Monday, April 17, 2006

Poetry wars

When the French Revolution broke out in 1789 it was greeted with enthusiasm by the young intellectuals of Europe.

The English poet William Wordsworth was no exception. He wrote verses in support of the Revolution, including these significant lines,

Once Man entirely free, alone and wild,
Was bless’d as free, for he was Nature’s child.
He, all superior but his God disdained,
Walk’d none restraining, and by none restrained,
Confessed no law but what his reason taught,
Did all he wish’d, and wish’d but what he ought.

In these lines Wordsworth is claiming that man is naturally free in the liberal sense of having no impediments to his individual will and reason. The individual man is superior to everyone else but God; he needs no restraints and recognises no laws except those accepted by his own reason; he follows his own will in all things (but always chooses to do the right thing).

A few decades later another famous young English poet, Shelley, was still holding firm to the same political ideal. In his work Prometheus Unbound (1820), Shelley advanced his ideal of a “new man” who would “make the earth one brotherhood”. This new man would be,

Sceptreless, free, uncircumscribed, but man
Equal, unclassed, tribeless, and nationless,
Exempt from awe, worship, degree, the king
Over himself

Shelley is following the same ideal as the young Wordsworth, but has taken things a step further. Unlike the nature’s child described by Wordsworth, Shelley’s new man does not recognise a higher authority in God, nor is it assumed that he will always choose what is right.

Shelley has also drawn out the logic of this liberal concept of freedom by rejecting nationalism. What matters for Shelley is that we are all equally sovereign individuals – the kings over ourselves. We are not to be circumscribed, contained, or ranked according to collective identities, whether they be based on class, tribe or nation.

In the long run, Shelley got his way. The liberal concept of freedom came to dominate Western politics; it became such an orthodoxy that traditional nationalism came to be seen negatively as a limitation or restriction on the individual, and as a “discriminatory” offence against equality.

There was resistance along the way, though, to this unfolding of the liberal view. The French Revolution did not meet the expectations of its supporters. It did not return man to a natural, untrammelled freedom, but unleashed the Reign of Terror, followed by the dictatorship of Bonaparte.

Wordsworth reconsidered his position. He shed his liberalism and adopted a more conservative outlook. This change in his views is very clear in his homage to Edmund Burke, the political philosopher who had stood against the stream and had warned, prophetically, of the likely consequences of the Revolution:

I see him – old, but vigorous in age, -
Stand like an oak whose stag-horn branches start
Out of its leafy brow, the more to awe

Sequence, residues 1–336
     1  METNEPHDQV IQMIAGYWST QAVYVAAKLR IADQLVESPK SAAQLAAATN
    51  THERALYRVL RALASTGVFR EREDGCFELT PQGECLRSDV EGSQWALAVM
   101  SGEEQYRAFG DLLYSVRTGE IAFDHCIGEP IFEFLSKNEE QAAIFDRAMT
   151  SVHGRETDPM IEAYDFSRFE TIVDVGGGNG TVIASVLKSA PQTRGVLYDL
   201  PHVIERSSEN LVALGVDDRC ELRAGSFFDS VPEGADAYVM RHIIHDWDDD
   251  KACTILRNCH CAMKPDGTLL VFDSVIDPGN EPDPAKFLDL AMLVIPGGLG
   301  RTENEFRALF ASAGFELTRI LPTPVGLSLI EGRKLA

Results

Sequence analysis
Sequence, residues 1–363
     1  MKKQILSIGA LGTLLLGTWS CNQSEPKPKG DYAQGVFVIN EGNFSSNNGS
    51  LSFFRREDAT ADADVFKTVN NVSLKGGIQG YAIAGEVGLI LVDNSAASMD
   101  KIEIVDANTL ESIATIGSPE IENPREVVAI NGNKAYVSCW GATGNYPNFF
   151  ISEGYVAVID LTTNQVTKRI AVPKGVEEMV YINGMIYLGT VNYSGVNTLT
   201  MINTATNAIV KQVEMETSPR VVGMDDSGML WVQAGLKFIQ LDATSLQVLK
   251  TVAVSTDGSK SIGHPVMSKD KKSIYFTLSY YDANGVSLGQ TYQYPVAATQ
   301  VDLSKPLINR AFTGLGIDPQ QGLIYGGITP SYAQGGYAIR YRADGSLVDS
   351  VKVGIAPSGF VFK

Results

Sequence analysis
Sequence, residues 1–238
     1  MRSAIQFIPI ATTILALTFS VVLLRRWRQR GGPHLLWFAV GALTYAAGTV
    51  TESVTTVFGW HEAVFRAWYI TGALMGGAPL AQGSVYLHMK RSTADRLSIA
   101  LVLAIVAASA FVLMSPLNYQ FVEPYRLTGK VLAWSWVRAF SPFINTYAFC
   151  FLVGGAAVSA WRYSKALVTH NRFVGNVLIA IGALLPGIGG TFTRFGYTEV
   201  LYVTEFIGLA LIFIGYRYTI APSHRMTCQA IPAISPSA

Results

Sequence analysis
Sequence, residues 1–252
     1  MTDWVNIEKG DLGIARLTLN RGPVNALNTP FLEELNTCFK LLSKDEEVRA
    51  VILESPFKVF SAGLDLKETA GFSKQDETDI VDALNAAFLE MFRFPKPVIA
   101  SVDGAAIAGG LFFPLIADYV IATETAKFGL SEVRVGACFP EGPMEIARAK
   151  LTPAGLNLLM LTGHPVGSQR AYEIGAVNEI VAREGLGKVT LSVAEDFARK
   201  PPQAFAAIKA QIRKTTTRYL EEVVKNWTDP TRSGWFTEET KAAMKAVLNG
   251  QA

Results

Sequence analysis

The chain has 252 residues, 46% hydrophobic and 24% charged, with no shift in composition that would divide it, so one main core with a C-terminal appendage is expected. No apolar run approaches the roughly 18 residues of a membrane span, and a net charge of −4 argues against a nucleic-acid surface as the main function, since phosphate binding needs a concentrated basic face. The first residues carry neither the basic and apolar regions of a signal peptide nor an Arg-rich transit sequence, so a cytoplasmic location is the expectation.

The younger brethren of the grove. But some -
While he forewarns, denounces, launches forth,
Against all systems based on abstract rights,
Keen ridicule; the majesty proclaims
Of Institutes and Laws, hallowed by time;
Declares the vital power of social ties
Endeared by Custom; and with high disdain,
Exploding upstart Theory, insists
Upon the allegiance to which men are born
(The Prelude 519 – 529)

There is no quibbling about liberalism in these lines. Wordsworth, following Burke, no longer believes that our own individual will and reason, acting alone, are sufficient to order society. Time hallowed institutes and laws are to be respected, even though they cannot by definition be self-authored. Customary social ties do not circumscribe individual freedom but are remarkable for their vital power.

Most strikingly, we are born to our allegiances. Wordsworth, in asserting this, has made a root and branch rejection of liberalism, and has, politically, set himself free. He is no longer limited, in what he identifies with, to purely “voluntary” associations chosen as a deliberate act of will or reason.

Instead, the whole gamut of allegiance is open to him. He may follow his deeper loyalties to an inherited ethnic nationalism; he may identify completely with an inborn masculinity; he may accept traditional and stable forms of family life; and he may assent to external, objective codes of morality.

Wordsworth, having once shared Shelley’s enthusiasms, knew how to break most cleanly with the ideal of the sceptreless, tribeless new man. But Wordsworth’s defence of nationalism was not the most famous of its time.

In 1804 Sir Walter Scott wrote a stinging attack on those who felt no allegiance to their own homelands. He relied less on theory and more on force of expression:

Breathes there the man, with soul so dead,
Who never to himself hath said,
This is my own, my native land!
Whose heart hath ne'er within him burn'd,
As home his footsteps he hath turn'd,
From wandering on a foreign strand!
If such there breathe, go, mark him well;
For him no Minstrel raptures swell;
High though his titles, proud his name,
Boundless his wealth as wish can claim;
Despite those titles, power, and pelf,
The wretch, concentred all in self,
Living, shall forfeit fair renown,
And, doubly dying, shall go down
To the vile dust, from whence he sprung,
Unwept, unhonor'd, and unsung.
(Lay of the Last Minstrel, Canto Sixth)

There is only a hint of theory in this poem. The “wretch” is described as being “concentrated all in self” and this perhaps is aimed at the radical individualism of the “new man” who was, despite the best efforts of poets like Wordsworth and Scott, to so greatly affect the fortunes of twentieth century Europe.

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